International Asperger’s Day: a comment by Prof. Anna Ogliari
13 February 2019
On 18th February 1906 Hans Asperger was born in Wien, the Austrian pediatrician who in 1944 first described a development condition characterized by eccentricity, motor awkwardness, difficulties in social relations, limited interests and repetitiveness of behavior: these are some characteristics of the Asperger’s Syndrome, precisely named after him.
On the occasion of his birth, 18th February is now the International Asperger’s Day. What is this syndrome? How can it be recognized? How can this be treated? We talked about this with Prof. Anna Ogliari, M.D., Associate of Clinical Psychology at UniSR, Specialist in Clinical Psychology and Psychotherapist at the Servizio di Psicopatologia dello sviluppo, as well as Rector Delegate for Disabilities.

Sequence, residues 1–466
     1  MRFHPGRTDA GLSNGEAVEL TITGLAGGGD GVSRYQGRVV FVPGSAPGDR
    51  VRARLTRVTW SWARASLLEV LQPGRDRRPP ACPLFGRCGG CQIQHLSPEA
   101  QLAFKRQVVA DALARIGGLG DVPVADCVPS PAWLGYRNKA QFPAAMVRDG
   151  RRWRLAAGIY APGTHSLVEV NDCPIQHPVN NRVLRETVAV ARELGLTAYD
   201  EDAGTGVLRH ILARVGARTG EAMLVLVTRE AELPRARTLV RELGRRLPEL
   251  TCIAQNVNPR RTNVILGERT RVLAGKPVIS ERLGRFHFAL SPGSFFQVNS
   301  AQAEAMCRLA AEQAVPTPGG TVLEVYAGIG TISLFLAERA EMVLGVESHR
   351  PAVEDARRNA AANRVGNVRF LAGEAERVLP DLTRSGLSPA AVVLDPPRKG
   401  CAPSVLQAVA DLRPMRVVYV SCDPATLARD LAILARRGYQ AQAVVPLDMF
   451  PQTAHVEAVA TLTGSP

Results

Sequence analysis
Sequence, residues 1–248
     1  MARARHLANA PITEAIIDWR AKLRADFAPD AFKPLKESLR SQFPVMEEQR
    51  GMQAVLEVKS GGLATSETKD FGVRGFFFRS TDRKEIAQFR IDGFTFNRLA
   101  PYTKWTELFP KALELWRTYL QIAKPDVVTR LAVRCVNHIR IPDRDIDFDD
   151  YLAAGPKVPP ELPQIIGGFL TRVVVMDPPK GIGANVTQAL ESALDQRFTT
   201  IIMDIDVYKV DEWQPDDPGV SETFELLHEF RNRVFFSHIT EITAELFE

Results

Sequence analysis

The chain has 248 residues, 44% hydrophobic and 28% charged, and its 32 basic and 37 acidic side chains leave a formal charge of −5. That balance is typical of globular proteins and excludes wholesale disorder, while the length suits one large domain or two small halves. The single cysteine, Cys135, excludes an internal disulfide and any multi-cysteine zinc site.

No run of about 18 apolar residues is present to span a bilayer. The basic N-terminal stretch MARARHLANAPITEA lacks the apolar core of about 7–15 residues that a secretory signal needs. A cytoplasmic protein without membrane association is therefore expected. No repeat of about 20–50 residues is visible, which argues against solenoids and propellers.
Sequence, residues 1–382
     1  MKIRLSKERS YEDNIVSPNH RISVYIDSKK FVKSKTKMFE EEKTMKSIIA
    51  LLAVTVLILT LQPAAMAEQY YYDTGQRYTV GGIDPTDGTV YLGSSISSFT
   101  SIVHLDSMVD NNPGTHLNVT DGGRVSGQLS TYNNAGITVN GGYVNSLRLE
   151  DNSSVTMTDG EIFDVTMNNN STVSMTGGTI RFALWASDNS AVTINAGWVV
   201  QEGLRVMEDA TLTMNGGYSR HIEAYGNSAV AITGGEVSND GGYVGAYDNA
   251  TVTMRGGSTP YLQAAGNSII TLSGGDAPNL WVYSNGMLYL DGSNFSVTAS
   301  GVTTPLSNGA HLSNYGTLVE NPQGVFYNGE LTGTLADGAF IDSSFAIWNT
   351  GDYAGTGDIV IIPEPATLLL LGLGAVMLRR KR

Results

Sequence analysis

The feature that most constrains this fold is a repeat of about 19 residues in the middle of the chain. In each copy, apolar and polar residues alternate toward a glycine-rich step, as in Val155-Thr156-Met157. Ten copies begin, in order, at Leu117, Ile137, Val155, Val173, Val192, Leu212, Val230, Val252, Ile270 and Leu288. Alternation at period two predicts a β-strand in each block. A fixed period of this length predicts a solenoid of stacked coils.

Prof. Ogliari, what is Asperger’s Syndrome?
The new Statistical Diagnostic Manual of Mental Disorders (DSM 5) published in 2014 has assimilated Asperger’s syndrome to Autism Spectrum Disorders, a diagnostic category in which the syndrome now falls. But first things first, and try to describe a clinical picture and some salient features, rather than entering into the difficult diatribe of the diagnostic classification. First of all, Asperger’s syndrome is a pervasive developmental disorder that appears right from the first stages of development and has specific characteristics that may appear to be highly of mildly disabling depending on the severity of the clinical picture.